Since the work of Hughes, Saxenian, von Hippel and others, economists and historians of technology have abandoned the linear model of innovation which pictured a direct flow of innovation leading from scientific discovery, to product development, and ending with market introduction of new products. The linear model has been replaced with a model of "open innovation" that stresses the role of linkage, feedback, and co-evolution among the various stages of the innovation process from discovery through development to commercialization, and features interdependencies and dynamic learning across the various stages of the innovation process.

The open model of innovation posits relatively porous boundaries between firms and academic research programs as one key element of an innovative region and suggests a bi-directional flow of input between university and industry innovation, in the form of licenses on inventions, personnel, and tacit knowledge, as well as a flow from industry to the universities of new technologies and research directions. While parts of this model have been thoroughly studied and documented, the phenomenon of the stimulation of university research through the absorption of new directions emanating from industry has yet to be investigated in much detail. Our study addresses this issue through the examination of microarray technologies, particularly DNA chips. The GeneChip originated beyond the walls of the academy, but we demonstrate that within a decade it made significant inroads into reshaping the research environments of university programs as well as launching a spectrum of competitive industrial firms in several industrial sectors within the Silicon Valley and other innovation regions.

Consideration of the networked infrastructure of innovation leads to a re-examination of the notions of "invention" and "inventor" in contemporary technoscience. The lone, independent inventor, an Edisonian figure whose fertile mind was the source of inventions that shaped entire industries or even technological revolutions was a notion that well-suited the linear model of innovation. But the networked, co-evolutionary model of innovation in evidence in our study suggests a shift from single inventors to inventor collectives as a more appropriate unit of analysis of invention within the open systems of innovation characteristic of contemporary technoscience. The case of microarray technology richly illustrates this new mode of invention.

Margins of Invention: Re-dedicating Women's Prints in Early Modern Italy
Evelyn Lincoln

Early modern   printers and publishers of pictorial prints developed a framework in which they could claim authorship for and protect their inventions while distributing responsibility among as many different people as possible.   This was beneficial for those who wanted to escape scrutiny by papal inquisitors, and for women who could sign their work without unintentionally taking credit for un-virtuous behaviors. Conventions of early modern print culture included noting on the face of the print the division of labor involved in its making: inventor, draughtsman, engraver, publisher and sometimes a separate financial investor were named in the margins of most prints.   At least one of these agents was entitled to add a dedication to a patron as well, under whose name the print would be "sent forth." I look at the work of two women who produced prints in Rome between 1575-1625.   Some of their prints were republished after their deaths by a man who specialized in giving new life to the old printing matrices the women left behind.    Looking closely at the dedications crafted by the people who first claimed authorship of the prints (if not always of the images that the prints published)   in comparison to the re-dedications of the re-published works, I try to articulate an explanation of who was entitled to claim the rights that we commonly assume accrue to the authors of images. The margins of these early modern prints show that authorial responsibility could be shifted among what today are termed patron, author and publisher.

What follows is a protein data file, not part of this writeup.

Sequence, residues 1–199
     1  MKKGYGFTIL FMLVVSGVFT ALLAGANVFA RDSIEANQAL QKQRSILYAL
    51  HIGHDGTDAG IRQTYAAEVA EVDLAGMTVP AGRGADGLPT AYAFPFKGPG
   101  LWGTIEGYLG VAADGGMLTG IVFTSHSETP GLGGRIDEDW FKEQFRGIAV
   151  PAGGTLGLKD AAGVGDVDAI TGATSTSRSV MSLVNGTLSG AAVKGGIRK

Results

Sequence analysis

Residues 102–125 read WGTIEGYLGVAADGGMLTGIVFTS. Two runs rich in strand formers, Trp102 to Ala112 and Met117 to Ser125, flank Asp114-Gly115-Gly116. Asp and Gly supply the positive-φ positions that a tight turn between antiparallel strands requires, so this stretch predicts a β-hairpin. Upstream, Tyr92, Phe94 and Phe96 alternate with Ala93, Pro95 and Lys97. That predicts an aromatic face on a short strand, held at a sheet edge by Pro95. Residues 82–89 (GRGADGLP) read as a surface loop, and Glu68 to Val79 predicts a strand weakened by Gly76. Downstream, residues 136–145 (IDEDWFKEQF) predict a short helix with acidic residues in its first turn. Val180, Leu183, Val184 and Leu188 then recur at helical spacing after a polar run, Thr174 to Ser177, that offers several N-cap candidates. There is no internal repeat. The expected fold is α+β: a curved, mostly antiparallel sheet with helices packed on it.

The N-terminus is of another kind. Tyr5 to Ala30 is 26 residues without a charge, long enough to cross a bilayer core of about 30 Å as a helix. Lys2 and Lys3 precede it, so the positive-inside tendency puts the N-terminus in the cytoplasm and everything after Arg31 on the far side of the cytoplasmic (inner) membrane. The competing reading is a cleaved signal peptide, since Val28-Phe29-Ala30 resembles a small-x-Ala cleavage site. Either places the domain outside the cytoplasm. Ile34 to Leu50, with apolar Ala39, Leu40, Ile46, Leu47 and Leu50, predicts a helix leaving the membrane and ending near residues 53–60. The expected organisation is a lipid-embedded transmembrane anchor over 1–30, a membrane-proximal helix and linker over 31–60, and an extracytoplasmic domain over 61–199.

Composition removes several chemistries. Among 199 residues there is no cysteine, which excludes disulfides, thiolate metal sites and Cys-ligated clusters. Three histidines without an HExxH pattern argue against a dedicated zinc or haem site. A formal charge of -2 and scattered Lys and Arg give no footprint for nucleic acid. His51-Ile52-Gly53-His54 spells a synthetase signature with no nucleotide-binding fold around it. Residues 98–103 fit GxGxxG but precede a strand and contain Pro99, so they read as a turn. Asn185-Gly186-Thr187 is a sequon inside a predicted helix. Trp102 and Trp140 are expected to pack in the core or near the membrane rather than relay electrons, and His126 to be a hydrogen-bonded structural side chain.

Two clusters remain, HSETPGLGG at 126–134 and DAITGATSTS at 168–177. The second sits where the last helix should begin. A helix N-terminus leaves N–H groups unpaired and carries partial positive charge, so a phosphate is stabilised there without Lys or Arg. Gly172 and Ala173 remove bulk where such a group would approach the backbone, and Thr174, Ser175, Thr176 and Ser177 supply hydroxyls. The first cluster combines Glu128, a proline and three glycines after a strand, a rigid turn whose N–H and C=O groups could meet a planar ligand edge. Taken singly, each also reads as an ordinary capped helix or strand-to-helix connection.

Co-inventors and Co-authors: A Quantitative Analysis of Patent-Publication Pairs
Francesco Lissoni and Fabio Montobbio

Runaway Bride: Self-Possession and the Conditions of Intellectual Property
Joe Loewenstein

It is Locke's position, notoriously, that property rights elaborate an axiomatic individual self-possession.   Having worked on some of the micro-histories that condition the assertion of a superficially coherent authorial property in the eighteenth-century, I feel the need to retrace my steps to account form -- or assist in accounting for -- the broadly-diffused recognition of self-possession.   This paper will investigate the contribution of early seventeenth-century satire to the experience of outraged self-possession.   A survey of new forms of publicity and, thence, new forms of celebrity and new practices of shaming will begin with reflections, not on His Girl Friday and Runaway Bride, but on Jonson's The Staple of News and Chapman's (lost) The Old Joiner of Aldgate.

Heroes of the Industrial Revolution, Defenders of the Pax Britannica:
Constructing Inventors in Victorian Britain

Christine MacLeod

The second half of the nineteenth century witnessed a brief interlude in British history when inventors enjoyed widespread popular recognition and approval. A representative few joined James Watt in the national pantheon (where uniquely he had represented the mechanical arts since the 1820s); their achievements were written into the grand narrative of the industrial revolution, and their names thereby entered the historical record and laid claim to posthumous fame.   It is principally these men who, at the start of the twenty-first century, continue to form the British people's idea of 'the inventor'--who he is, how he works, what he achieves, and that he is indeed a 'he'.   Consequently, it is important to understand how this image was born.